2 DEFINITIONS Revenues Expenses Inflows of assets or settlements of liabilities during a period from delivering or producing goods or services.ExpensesOutflows of assets or incurrence of liabilities during a period from delivering or producing goods or services.Incurred in an attempt to produce revenues3333
3 Increases owner’s equity. Decreases owner’s equity. Revenue and ExpensesThe price for goods soldand services rendered during a given accounting period.Increases owner’s equity.The costs of goods and services used up in the process of earning revenue.Decreases owner’s equity.
4 Debits and Credits for Revenue and Expense Expenses decrease owner’s equity.Revenues increase owner’s equity.EQUITIESDebit for DecreaseCredit for IncreaseEXPENSESCredit for DecreaseDebit for IncreaseREVENUESDebit for DecreaseCredit for Increase
5 REVENUE PRINCIPLERevenue should be recognized in the financial statement when . . .It is earned, andIt is realized or realizable(Measurable)7777
6 REVENUE PRINCIPLERevenue is earned when the earnings process is completed or virtually completed.Revenue is realized when cash is received.Revenue is realizable when claims to cash are received that can be converted into a known amount of cash.8888
7 Revenue is typically recognized: REVENUE PRINCIPLERevenue is typically recognized:At delivery (point of sale)After deliveryBefore deliveryof product or service9999
8 REVENUE RECOGNITION POINTS before deliveryRecognitionat deliveryRecognitionafter deliveryDesign and production,construction in progress,minerals discoveredGoods completedand ready for sale,contract completeDelivery ofproduct orserviceCash collectedfor goods orservicesRight ofreturn expiresPercentage-ofcompletion methodProductionmethodPointof salemethodInstallmentmethodRight ofreturnexpirationmethodCompletedcontractmethodCostrecoverymethodRELEVANCERELIABILITY
9 REVENUE RECOGNITION Point of Sale Revenue is earned and realized at the point of sale.The product or service has been delivered to the customer and cash has been received or is receivable.This method is sometimes called the “sales method,” or “delivery method.”10101010
10 REVENUE RECOGNITION After Delivery Uncertainties about collectibility or future performance by seller.Sale with right of return.Product-financing arrangements.11111111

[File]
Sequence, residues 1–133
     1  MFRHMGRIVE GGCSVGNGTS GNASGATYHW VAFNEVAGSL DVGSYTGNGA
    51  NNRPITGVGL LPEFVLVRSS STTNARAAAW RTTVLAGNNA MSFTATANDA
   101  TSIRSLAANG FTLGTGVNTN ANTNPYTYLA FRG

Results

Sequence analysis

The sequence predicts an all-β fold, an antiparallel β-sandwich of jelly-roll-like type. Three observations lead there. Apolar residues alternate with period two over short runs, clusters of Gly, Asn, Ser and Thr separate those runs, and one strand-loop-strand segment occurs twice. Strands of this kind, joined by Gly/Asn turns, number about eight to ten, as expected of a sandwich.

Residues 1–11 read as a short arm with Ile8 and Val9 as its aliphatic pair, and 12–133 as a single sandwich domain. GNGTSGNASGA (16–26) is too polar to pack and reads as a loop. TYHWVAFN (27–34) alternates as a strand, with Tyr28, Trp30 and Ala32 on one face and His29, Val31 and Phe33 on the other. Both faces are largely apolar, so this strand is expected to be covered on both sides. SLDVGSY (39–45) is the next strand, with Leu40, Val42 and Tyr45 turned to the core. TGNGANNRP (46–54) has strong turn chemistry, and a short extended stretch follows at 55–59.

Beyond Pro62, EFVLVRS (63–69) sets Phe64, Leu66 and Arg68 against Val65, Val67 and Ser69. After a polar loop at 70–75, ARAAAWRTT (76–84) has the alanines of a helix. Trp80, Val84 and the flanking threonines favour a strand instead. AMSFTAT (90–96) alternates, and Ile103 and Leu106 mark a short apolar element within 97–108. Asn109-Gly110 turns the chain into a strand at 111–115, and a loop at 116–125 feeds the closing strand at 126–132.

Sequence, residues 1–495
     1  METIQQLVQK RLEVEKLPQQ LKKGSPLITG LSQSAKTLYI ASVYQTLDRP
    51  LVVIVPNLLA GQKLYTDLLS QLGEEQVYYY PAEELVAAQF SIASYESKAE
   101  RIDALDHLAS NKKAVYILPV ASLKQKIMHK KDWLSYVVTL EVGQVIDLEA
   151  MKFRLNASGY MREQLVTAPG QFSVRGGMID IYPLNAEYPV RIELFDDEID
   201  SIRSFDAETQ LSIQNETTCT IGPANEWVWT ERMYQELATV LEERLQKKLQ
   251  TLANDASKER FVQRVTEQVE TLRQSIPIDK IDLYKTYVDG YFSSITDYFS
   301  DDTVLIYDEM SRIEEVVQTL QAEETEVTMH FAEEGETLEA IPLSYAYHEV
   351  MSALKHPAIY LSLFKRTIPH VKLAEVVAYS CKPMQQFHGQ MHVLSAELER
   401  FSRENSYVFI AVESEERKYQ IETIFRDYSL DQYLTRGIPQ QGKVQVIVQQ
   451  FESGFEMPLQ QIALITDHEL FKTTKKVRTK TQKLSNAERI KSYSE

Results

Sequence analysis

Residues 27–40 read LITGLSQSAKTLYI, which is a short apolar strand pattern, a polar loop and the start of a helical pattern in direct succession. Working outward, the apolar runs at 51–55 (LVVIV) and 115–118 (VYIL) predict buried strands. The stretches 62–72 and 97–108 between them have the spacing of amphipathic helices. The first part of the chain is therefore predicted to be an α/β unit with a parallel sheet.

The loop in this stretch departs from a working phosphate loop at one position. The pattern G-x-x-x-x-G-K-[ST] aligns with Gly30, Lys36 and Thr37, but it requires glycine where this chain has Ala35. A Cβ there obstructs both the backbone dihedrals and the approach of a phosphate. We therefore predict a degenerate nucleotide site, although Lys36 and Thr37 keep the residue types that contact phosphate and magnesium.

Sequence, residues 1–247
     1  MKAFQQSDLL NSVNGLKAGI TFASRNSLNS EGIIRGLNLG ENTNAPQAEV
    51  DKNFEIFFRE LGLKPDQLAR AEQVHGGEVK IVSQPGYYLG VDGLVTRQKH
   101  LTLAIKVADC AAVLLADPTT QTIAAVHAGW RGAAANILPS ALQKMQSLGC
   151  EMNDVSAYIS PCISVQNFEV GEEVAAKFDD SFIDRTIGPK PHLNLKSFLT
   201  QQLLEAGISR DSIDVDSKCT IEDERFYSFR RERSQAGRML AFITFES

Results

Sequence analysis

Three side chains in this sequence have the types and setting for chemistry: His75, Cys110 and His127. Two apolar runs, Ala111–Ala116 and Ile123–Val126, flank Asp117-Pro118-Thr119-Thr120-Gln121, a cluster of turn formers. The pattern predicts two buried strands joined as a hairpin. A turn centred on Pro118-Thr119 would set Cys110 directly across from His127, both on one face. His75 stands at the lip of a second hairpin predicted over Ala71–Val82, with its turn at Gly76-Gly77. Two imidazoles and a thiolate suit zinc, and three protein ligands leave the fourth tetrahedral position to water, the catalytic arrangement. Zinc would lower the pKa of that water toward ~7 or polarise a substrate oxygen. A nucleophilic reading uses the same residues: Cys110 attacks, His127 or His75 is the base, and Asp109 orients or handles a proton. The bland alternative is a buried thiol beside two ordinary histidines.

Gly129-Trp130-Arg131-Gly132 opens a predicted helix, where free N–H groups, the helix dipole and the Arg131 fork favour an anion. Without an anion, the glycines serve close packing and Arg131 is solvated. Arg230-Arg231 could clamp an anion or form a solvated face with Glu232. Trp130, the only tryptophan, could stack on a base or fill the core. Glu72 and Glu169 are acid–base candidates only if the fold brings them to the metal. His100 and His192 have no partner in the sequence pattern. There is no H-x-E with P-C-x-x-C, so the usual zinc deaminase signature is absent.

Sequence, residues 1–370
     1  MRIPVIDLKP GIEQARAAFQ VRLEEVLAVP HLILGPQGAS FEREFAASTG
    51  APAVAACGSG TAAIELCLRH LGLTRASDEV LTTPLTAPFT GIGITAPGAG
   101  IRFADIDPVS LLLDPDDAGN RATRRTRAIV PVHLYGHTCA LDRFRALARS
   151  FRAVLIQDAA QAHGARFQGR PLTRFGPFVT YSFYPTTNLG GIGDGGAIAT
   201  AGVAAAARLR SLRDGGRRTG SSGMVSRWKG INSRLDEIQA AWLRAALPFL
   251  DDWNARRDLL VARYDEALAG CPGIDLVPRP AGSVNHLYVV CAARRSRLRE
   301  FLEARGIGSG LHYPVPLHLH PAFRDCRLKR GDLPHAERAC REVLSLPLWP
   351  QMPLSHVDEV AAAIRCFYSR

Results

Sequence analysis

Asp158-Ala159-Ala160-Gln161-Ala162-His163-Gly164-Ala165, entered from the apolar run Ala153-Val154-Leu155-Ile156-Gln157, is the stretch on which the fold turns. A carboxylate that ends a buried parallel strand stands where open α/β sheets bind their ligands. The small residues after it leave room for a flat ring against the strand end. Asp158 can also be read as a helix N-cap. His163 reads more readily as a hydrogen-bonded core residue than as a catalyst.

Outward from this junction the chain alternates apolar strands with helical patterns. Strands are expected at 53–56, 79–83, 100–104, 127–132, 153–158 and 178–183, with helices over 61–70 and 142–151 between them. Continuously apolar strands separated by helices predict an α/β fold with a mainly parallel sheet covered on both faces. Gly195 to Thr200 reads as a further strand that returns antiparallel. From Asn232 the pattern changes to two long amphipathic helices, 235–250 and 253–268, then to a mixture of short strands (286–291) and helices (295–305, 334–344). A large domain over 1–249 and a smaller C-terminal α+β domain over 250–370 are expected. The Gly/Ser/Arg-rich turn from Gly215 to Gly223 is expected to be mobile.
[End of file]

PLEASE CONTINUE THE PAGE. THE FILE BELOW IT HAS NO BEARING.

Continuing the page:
11 INSTALLMENT SALESWhen we are uncertain about the collectibility of the sales revenue or the ability of the seller to deliver futures services, we should defer revenue recognition.Two commonly used accounting methods are the . . .Installment sales method.Cost recovery method.15151515
12 INSTALLMENT SALES Installment Sales Method Sale and cost of sale recorded as usual.Compute gross margin rate on the installment sales.Recognize gross margin as cash is received.Gross margin not realized is deferred until a future period.16161616
13 INSTALLMENT SALES Example Sam’s Appliances made sales of $200,000 in 20xx that qualified for the installment sales method of accounting. The items sold have a cost to Sam’s of $130,000. During 20xx, Sam’s collected cash from installment customers of $90,000. The remaining amount will be collected in 20xx.Prepare the journal entries to record the installment sales transactions during 20xx.17171717
23 UNCERTAINTY IS GREATER! COST RECOVERY METHODLike the installment sales method, cost recovery is used when we are uncertain about the collectibility of the sales revenue or the ability of the seller to complete future performance.UNCERTAINTY IS GREATER!No profit is recognized until cost of item sold is fully recovered.27272727
24 COST RECOVERYSam’s Appliances made sales of $200,000 in 20xx that qualified for the cost recovery method of accounting. The items sold have a cost to Sam’s of $130,000. During 20xx, Sam’s collected cash from installment customers of $90,000. The remaining amount will be collected in 20xx.Prepare the journal entries to record the installment sales transactions during 20xx.28282828
28 COST RECOVERY No profit is recognized in 20xx because the cost of the item sold ($130,000) has not been recovered in theform of cash receipts. Once we collect $130,000 incash, profit recognition begins.32323232
29 All gross profit has been deferred until we recover the COST RECOVERYBalance SheetAll gross profit has been deferred until we recover the$130,000 cost of the item sold.33333333
30 Equipment Manufacturing RIGHT OF RETURNIn some industries it is common practice that the sales terms allow customers the right to return goods under specified conditions and over long periods of time.Equipment ManufacturingBook Publishing13131313
31 Recognize revenue at point of sale if, RIGHT OF RETURNRecognize revenue at point of sale if,Selling price is fixed or determinable.Buyer is obligated to pay the seller and payment is not contingent upon resale of the product.Buyer is obligated even in case of theft or physical destruction.Buyer has economic substance apart from that provided by the seller.Seller has no obligation for future performance.Future returns can be estimated.14141414
32 PRODUCT-FINANCING ARRANGEMENTS An agreement in which a sponsoring company sells a product to another company and in a related transaction agrees to repurchase the product.The sponsoring companyRecords a liability when the proceeds are received.No sale is recorded and inventory is not adjusted.Wait for a sale to outside party.12121212
33 REVENUE RECOGNITION Before Delivery Accounting for long-term construction contractsCompleted-Contract MethodPercentage-of-Completion Method34343434
34 REVENUE RECOGNITION Before Delivery Percentage-of-completion method is appropriate when . . .Contract specifies the amount of consideration to be exchanged and the terms of settlement.Buyer is expected to satisfy the obligation.Contractor can perform according to the terms of the contract.35353535